Recital (66) of Regulation 2019/943 on the internal market for electricity supports the development of hybrid projects, OJ L 158, 14.6.2019.


 Market Arrangements for Offshore Hybrid Projects in the North Sea (Thema Report 2020-11).



 Market Arrangements for Offshore Hybrid Projects in the North Sea (Thema Report 2020-11).


Directive (EU) 2018/2001, OJ L 328, 21.12.2018


Directive (EU) 2018/2001, OJ L 328, 21.12.2018.


Article 6, Article 7 and Article 11 of the recast Renewables Energy Directive. See also .


Article 19 of the Electricity Regulation (EU) 2019/943, OJ L158, 14.6.2019



Financing of offshore hybrid assets in the North Sea (Guidehouse, 2020-11)


 Impact Assessment of the Climate Target Plan


For example, if a landlocked MS pays into the mechanism, and then the mechanism supports offshore wind park in another MS, then the contributing MS will count the renewable energy produced by the projects in the host MS as if this energy was produced in the contributing MS. Practically, the contributing landlocked MS will increase statistically its % of renewable energy in the energy consumption (hence – statistical benefit) even though this energy was produced or consumed in another country. This will help the MS reach its target for share of renewables through projects located in another MS.


See section 4.5.


Bulgaria, Croatia, Czech Republic, Estonia, Hungary, Latvia, Lithuania, Poland, Romania and Slovakia.


SETIS Research & Innovation data, according to JRC methodology: Fiorini A., Georgakaki A., Pasimeni F., Tzimas E. (2017) Monitoring R&I in Low-Carbon Energy Technologies, JRC105642 and Pasimeni F., Fiorini A., Georgakaki A. (2019) Assessing private R&D spending in Europe for climate change mitigation technologies via patent data, World Patent Information. Available at:


JRC, Low Carbon Energy Observatory, Wind Energy Technology Market Report, European Commission, 2019, JRC118314.


JRC, Low Carbon Energy Observatory, Wind Energy Technology Market Report, European Commission, 2019, JRC118314.


ICF, commissioned by DG GROW — Climate neutral market opportunities and EU competitiveness study (Draft, 2020).


Horizon 2020 and its predecessor FP7, for period 2009-2019.


JRC Wind Energy Technology Development Report (2020).


SET-Plan, Offshore Wind Implementation Plan (2018).


Floating offshore wind farms are suited for depths between 50 and 1000 metres.


UNEP & Bloomberg NEF, Global trends in renewable energy investment, 2019.


Start of the SET plan initiative.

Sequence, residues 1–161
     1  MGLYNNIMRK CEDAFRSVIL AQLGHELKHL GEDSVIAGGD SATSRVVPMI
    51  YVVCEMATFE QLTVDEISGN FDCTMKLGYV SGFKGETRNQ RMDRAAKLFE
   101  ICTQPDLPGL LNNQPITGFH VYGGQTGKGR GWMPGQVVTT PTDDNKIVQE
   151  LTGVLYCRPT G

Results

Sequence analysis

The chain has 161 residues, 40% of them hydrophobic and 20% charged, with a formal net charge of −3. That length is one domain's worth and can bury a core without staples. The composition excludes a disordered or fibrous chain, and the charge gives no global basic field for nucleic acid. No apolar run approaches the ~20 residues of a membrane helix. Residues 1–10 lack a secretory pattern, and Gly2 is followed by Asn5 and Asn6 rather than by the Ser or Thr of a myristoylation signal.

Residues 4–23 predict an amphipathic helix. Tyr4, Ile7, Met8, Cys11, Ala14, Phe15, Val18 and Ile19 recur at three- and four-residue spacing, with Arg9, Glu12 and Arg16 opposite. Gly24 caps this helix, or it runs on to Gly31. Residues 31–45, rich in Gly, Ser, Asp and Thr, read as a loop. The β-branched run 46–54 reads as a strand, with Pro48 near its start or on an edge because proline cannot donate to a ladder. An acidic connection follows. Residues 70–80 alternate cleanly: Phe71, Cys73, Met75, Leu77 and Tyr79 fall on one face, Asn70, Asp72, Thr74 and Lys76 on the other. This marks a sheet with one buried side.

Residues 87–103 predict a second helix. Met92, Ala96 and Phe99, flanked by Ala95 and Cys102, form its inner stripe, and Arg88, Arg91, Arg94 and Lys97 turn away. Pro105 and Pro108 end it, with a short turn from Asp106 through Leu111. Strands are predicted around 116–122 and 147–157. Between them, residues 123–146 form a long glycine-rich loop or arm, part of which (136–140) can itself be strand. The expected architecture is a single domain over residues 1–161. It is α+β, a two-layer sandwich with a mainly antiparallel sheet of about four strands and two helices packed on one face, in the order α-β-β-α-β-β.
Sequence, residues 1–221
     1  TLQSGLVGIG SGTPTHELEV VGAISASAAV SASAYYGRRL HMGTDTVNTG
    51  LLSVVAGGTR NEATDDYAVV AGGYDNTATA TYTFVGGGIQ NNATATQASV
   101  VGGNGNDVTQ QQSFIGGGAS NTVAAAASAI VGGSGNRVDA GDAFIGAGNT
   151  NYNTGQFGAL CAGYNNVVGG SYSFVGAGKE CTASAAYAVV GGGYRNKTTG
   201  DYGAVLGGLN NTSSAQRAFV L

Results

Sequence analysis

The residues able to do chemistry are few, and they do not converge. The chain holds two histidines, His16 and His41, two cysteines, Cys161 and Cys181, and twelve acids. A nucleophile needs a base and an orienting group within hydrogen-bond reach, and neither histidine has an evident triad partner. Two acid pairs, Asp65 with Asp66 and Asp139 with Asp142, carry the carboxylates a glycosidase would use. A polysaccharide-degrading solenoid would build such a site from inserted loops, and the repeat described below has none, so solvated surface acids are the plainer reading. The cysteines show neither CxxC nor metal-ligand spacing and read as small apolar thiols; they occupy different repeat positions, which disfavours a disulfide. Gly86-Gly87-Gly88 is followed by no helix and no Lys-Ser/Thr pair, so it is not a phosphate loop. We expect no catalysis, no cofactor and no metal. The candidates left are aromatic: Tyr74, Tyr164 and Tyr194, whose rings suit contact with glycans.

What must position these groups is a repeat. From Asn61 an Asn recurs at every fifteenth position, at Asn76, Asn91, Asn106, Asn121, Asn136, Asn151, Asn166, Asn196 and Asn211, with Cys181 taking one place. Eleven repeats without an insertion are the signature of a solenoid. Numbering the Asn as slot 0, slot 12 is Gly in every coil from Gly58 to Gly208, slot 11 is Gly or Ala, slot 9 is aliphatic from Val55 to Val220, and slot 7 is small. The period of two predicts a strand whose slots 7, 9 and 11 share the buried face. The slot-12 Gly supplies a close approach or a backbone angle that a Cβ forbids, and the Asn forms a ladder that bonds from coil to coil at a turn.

Private investments are estimated from the patent data available through Patstat. Sources: Fiorini, A., Georgakaki, A., Pasimeni, F. and Tzimas, E., (2017) Monitoring R&I in Low-Carbon Energy Technologies , JRC105642, EUR 28446 EN and Pasimeni, F., Fiorini, A., and Georgakaki, A. (2019). Assessing private R&D spending in Europe for climate change mitigation technologies via patent data. World Patent Information, 59, 101927.


Including the European Regional Development Fund (ERDF) which has also co-financed Interreg projects.



See COM(2020) 953


Only 5% of available education and training programmes directly cover offshore renewable energy. There are major gaps in the fields of electro-mechanics, assembling, diving, metalworking and health & safety.


Source: project MATES (Maritime Alliance for fostering the European Blue Economy through a Marine Technology Skilling Strategy), ‘Baseline report on present skills gaps in shipbuilding and offshore renewables value chains’


European wind generator production depends on imports of graphite (of which 48% comes from China), cobalt (of which 68% comes from the Democratic Republic of Congo), lithium (of which 78% comes from Chile) and rare earths (of which nearly 100% come from China). Source: European Commission’s 2020 Strategic Foresight Report ( ).


  COM(2020) 474 final.


GWEC 2020, Global Offshore Wind Report, 2020.


IRENA, Future of wind (2019, p. 52).


Regulation (EU) 2017/1601 of the European Parliament and of the Council of 26 September 2017 establishing the European Fund for Sustainable Development (EFSD), the EFSD Guarantee and the EFSD Guarantee Fund